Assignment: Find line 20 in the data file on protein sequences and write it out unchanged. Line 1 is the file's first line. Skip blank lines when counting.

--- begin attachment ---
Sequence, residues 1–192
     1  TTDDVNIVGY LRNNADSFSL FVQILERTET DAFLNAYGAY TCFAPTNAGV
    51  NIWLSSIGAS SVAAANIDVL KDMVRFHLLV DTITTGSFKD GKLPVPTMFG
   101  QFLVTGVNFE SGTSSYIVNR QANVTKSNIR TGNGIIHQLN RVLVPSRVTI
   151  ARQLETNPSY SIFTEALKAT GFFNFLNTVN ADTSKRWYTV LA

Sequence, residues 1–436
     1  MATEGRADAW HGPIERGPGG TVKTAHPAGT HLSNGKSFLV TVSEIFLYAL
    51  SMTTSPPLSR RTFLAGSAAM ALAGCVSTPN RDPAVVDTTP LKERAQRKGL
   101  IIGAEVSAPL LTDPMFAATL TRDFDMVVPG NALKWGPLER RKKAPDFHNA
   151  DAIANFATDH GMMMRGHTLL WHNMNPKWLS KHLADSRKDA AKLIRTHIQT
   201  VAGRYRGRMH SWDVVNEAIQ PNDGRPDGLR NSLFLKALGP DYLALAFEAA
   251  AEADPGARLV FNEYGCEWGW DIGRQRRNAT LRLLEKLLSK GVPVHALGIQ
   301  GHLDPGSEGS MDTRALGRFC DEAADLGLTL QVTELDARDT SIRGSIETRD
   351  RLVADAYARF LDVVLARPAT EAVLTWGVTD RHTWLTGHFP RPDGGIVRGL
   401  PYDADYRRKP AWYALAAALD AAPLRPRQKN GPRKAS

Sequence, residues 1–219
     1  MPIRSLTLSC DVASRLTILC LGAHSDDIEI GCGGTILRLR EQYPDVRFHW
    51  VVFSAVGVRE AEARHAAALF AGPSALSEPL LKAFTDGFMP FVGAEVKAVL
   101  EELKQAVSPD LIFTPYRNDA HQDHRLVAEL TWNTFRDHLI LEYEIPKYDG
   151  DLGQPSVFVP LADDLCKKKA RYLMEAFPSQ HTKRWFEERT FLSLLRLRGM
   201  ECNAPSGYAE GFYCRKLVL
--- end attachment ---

   151  DLGQPSVFVP LADDLCKKKA RYLMEAFPSQ HTKRWFEERT FLSLLRLRGM